AIAIAI’s TMA-1’s design is lightweight, simple and deceivingly functional. A flexible headband connects the two ‘on ear’ cups with coiled cables on the show between them. The minimalist design and matt rubber type finish give them almost a futuristic look, in fact, they really wouldn’t look out of place in one of the latest Batman movies. These headphones won’t attract anyone who likes shiny, flashy, look at me stylings in their DJ equipment. However, they should go down quite nicely with anyone into the understated European design. And any wannabe superheroes.
The headband is made from a nylon material. The flexible properties of this material allow the headphones to be twisted and-and stretched considerably without any damage done to the integrity to the headband or original shape. This has many benefits. Not only is the TMA-1’s headband very durable, able to withstand a good stepping on, but its ability to be twisted also makes up for the fact that neither of the cups has a ‘swivel’ type function. Usually, Headphones without this feature are unable to withstand the constant twisting caused by placing one of the ear cups behind the ear and headbands will often snap over time, but like the HD25-ii’s, the flexible headband stops this from happening. Consequently, the TMA-1’s do not fold down like other DJ headphones so do take up more room in your DJ bag.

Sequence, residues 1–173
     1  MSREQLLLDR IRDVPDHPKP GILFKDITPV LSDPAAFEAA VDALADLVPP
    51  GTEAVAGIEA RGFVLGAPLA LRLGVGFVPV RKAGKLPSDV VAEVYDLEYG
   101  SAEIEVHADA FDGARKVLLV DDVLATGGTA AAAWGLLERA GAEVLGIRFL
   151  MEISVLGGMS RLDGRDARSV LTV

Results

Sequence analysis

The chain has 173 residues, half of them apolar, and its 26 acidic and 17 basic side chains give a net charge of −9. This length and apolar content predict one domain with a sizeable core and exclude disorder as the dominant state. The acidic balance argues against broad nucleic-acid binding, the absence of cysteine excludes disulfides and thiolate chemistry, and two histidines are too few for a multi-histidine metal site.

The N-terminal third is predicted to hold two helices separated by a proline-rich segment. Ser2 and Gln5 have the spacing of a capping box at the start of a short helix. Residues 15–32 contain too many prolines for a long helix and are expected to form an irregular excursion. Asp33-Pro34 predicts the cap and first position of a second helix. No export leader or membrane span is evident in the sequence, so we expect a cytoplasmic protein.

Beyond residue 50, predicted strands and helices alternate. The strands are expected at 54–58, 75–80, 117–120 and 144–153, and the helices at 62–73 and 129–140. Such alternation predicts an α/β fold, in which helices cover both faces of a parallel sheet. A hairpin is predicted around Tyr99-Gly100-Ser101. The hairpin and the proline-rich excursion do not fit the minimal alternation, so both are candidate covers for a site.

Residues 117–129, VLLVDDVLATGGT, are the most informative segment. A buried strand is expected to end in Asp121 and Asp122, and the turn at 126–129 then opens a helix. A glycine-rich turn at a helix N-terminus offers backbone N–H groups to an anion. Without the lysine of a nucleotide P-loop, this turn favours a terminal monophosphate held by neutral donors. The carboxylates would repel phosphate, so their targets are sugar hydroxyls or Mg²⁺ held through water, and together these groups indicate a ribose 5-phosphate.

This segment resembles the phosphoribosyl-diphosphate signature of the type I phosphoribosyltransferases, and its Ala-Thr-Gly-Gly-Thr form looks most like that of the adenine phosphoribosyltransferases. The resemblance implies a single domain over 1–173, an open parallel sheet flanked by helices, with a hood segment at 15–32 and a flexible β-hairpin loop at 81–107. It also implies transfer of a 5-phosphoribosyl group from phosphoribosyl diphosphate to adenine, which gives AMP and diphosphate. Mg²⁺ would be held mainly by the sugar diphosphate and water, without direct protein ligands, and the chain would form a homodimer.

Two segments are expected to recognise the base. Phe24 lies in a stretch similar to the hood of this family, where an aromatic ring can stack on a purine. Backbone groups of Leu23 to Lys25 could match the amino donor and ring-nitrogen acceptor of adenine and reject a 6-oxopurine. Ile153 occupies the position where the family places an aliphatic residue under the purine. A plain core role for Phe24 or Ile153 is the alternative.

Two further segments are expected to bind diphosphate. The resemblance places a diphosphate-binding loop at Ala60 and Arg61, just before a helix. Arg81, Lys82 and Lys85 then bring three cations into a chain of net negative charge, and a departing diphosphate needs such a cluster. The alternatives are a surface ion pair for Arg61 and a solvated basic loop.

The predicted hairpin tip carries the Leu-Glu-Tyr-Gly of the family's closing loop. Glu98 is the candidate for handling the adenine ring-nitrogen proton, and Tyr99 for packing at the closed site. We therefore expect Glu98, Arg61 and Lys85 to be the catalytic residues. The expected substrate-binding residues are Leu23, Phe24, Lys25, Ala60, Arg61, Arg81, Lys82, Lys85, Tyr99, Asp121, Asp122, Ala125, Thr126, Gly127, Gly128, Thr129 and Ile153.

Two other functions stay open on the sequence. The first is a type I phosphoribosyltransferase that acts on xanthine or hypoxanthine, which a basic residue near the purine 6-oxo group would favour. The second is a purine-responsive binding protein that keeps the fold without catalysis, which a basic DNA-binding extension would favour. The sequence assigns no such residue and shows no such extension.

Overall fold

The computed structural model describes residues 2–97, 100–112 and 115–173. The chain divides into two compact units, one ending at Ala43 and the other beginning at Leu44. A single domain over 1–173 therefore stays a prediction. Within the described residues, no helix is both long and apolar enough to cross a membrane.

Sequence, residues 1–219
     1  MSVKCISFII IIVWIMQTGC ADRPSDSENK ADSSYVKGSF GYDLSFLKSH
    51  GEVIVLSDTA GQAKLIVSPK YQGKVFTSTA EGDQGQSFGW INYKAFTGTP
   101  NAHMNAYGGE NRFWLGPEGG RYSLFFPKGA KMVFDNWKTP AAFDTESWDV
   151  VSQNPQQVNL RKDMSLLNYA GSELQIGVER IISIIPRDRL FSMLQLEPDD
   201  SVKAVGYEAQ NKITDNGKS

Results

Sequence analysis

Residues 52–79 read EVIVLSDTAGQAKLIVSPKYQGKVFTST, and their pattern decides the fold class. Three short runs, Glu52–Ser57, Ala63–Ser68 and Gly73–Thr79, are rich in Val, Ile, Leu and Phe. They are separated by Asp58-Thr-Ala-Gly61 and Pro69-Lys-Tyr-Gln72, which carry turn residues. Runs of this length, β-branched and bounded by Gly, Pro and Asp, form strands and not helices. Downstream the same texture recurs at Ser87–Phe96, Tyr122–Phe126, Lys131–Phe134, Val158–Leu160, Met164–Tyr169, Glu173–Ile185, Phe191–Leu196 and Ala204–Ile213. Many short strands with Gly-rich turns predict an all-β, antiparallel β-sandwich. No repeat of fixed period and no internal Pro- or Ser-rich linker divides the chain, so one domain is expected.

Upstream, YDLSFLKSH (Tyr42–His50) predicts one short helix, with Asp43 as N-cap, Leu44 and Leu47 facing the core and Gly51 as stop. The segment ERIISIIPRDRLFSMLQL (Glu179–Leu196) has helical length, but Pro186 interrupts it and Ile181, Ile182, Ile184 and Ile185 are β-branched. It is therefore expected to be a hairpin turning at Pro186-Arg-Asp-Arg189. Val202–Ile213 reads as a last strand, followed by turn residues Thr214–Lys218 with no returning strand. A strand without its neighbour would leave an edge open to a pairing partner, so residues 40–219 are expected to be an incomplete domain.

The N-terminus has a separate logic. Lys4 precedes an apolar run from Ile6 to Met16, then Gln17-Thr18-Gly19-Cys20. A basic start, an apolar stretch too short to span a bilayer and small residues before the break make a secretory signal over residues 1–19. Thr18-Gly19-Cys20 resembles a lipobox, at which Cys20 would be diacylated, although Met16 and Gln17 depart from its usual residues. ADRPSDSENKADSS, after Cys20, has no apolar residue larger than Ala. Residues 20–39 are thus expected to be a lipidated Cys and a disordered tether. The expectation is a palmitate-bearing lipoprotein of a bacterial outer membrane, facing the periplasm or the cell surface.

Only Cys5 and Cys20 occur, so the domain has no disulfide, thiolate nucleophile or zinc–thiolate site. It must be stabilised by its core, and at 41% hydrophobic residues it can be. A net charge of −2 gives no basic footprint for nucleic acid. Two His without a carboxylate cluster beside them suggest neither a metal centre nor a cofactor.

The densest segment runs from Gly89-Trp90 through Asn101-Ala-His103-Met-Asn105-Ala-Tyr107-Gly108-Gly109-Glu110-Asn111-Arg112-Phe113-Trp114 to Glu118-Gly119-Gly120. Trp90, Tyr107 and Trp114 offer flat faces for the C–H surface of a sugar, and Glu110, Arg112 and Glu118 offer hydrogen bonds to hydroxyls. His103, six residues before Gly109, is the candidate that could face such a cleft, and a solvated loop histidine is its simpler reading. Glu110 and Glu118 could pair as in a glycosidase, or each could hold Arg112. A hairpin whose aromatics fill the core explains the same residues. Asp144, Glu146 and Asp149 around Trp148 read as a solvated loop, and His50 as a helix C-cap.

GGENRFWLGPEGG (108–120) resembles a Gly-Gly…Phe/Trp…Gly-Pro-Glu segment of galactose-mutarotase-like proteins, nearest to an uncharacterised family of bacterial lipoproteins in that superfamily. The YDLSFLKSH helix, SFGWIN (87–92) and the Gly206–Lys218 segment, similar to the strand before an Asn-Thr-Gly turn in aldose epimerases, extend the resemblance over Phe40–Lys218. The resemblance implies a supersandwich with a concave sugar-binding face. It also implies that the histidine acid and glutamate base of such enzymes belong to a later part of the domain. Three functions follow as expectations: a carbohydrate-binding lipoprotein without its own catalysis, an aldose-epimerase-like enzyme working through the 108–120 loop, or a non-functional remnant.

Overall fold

The ear cups themselves are made from the same nylon material with a choice of two earpads, one made from a synthetic material, the other from leather. The ear pads detach easily when needed and have a reliable mechanism for staying in place. The cups are connected by a cable that runs through the headband, and that is exposed above each driver. The exposed cable is thick and tuff, coiled to allow extension when extending the headband for larger heads. This process is made accessible by small notch type holes at the ends of the headband. There is also some ‘play’ in the join between cup and band that allows the cup to pivot slightly, which allows easy one ear monitoring.
The overall fit of the headphones is good, both for one and two ear monitoring. The TMA-1s don’t have as much padding as some other DJ headphones on the market so aren’t the most comfortable when it comes to hours of usage but should do most people just fine. There is a right amount of tension that keeps headphones on the head without being too much over time, and even with the moderate head movement, they should stay secure. So unless you’re one of those crazy dubstep ‘1000 moves a minute’ type of DJ’s in the booth, you should be just fine.